An update to the September 22nd story reporting influenza discovery in domestic flocks

Monday 9/2622, there was confirmation of avian influenza in a commercial turkey and chicken flock in Ransom County, North Dakota. This led to a suspension of all comingling bird events in surrounding counties as well.  Also, the depopulation of the entirety of the commercial flock has been ordered before the birds can enter the food system.

There is no immediate public health concern.

But this spread is more than likely to have serious effects on the health of birds across the state. This is in addition to wild birds that hunters are looking to "depopulate" during the upland and waterfowl seasons.

This fall is working out to be a bad time to be a bird

Here's the story from last week


Just when we were hoping avian influenza had flown the coop, the devastating pathogen migrated back to the state.  In the Spring, avian influenza had appeared in 400 flocks in nearly 40 states.  It led to the termination of over 40 million birds. Now the so-called bird flu has been detected in multiple counties in North Dakota. This is from the North Dakota Department of Agriculture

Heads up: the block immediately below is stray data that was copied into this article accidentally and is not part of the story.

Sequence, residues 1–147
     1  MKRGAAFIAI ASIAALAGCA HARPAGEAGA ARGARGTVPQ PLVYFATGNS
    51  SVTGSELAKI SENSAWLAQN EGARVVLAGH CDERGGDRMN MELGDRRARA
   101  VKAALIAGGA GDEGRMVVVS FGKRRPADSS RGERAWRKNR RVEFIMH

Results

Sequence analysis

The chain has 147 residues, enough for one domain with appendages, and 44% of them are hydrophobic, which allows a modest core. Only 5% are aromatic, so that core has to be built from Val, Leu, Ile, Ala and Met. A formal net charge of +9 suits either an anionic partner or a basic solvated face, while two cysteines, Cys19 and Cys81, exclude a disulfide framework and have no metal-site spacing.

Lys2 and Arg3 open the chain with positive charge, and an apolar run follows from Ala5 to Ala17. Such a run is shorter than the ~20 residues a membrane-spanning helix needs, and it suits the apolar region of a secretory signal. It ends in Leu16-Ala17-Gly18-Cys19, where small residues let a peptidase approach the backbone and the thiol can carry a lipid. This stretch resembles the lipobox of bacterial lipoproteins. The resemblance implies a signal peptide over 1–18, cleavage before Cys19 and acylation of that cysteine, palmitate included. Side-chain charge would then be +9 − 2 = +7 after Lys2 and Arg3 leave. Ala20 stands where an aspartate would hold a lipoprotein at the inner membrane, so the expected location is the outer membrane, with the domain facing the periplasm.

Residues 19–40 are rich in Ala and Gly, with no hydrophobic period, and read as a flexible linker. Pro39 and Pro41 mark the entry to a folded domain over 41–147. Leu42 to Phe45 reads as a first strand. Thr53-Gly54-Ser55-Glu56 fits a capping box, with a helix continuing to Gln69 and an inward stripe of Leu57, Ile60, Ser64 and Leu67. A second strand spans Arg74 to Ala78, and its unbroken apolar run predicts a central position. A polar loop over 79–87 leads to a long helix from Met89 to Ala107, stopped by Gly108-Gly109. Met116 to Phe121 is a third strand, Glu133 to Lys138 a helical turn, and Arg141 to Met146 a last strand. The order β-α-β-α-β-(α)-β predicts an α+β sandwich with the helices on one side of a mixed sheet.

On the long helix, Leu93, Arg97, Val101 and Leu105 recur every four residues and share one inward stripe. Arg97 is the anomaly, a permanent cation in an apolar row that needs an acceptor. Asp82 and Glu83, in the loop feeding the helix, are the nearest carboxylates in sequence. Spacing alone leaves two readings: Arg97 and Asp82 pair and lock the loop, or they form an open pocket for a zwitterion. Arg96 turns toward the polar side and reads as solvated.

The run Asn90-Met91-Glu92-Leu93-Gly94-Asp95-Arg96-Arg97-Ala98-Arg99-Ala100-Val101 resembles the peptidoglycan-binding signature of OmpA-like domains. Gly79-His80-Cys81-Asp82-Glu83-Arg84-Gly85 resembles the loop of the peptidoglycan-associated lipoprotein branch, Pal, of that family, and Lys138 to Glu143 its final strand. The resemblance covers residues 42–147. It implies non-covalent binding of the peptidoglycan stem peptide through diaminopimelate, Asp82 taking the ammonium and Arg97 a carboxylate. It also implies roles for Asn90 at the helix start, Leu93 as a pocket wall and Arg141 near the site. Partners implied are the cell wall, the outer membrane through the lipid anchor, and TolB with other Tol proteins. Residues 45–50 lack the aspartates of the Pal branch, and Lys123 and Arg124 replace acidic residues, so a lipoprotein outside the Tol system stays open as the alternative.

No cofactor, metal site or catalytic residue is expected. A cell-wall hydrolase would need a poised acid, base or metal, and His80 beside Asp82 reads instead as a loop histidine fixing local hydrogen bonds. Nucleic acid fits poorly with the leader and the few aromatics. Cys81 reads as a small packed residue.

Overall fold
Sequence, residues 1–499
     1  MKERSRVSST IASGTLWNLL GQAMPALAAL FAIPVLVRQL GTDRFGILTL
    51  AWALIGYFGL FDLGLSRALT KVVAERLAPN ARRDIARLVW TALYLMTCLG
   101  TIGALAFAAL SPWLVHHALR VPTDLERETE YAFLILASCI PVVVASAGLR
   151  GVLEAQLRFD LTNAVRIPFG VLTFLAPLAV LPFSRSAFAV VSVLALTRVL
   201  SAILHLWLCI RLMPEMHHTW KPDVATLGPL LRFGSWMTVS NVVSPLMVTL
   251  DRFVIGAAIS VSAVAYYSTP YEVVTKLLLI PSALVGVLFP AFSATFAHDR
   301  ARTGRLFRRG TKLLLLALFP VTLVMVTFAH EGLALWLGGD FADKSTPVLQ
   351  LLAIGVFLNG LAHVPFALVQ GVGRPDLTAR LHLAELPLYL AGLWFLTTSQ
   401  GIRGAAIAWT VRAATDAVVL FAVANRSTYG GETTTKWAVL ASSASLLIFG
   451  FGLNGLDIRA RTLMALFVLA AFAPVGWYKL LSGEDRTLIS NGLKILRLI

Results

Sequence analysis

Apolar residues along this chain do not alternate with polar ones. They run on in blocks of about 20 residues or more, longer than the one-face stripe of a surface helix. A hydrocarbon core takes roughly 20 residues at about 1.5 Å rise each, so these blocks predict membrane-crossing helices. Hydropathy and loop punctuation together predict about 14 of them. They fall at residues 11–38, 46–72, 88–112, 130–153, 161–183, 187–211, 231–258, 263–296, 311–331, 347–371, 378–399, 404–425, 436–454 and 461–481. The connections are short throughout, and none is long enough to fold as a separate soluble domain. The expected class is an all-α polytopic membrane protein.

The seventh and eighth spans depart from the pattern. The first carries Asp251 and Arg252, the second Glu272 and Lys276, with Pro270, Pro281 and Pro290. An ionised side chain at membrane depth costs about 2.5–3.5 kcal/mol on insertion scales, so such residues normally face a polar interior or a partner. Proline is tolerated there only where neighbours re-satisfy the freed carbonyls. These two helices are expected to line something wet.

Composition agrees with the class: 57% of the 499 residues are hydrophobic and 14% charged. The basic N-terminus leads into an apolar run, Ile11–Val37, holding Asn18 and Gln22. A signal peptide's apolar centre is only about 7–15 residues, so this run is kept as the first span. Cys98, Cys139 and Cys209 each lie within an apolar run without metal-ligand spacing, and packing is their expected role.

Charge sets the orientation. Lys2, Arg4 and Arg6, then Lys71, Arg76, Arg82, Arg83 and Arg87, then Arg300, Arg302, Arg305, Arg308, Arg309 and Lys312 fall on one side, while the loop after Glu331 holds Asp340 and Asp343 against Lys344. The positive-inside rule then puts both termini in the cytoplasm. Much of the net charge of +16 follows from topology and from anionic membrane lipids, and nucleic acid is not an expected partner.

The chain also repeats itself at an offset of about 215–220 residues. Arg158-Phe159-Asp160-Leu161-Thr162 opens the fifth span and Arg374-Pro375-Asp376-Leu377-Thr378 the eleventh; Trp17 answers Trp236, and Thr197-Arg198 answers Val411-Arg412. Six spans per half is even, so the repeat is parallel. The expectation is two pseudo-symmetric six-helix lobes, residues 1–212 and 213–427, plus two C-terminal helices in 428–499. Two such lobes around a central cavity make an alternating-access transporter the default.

The State Board of Animal Health and the North Dakota Department of Agriculture are working closely with USDA-APHIS and local officials in the response. The premises has been quarantined and the flock is being depopulated to prevent the spread of the disease. Birds from the flock will not enter the food system



We maybe learned a new word today.  The rooster is right to be concerned about depopulation.  Especially if he and his friends live in Ward County.  Highly Pathogenic Avian Influenza (HPAI) was detected in a non-commercial backyard flock in Ward County. That led to the destruction of the birds and the suspension of any poultry events in adjoining counties Burke, Mountrail, McLean, McHenry, and Renville.

This new report follows HPAI detection in late August in eastern North Dakota.

The cases in Cass County also involved a non-commercial backyard chicken operation. Needless to say, that flock also learned about depopulation.  The risk to people from avian influenza is minimal but it sure is deadly for birds. It is certainly not just a threat to domestic poultry but all manner of wild birds as well.  If you notice sick or dead birds you're asked to contact North Dakota Game and Fish.

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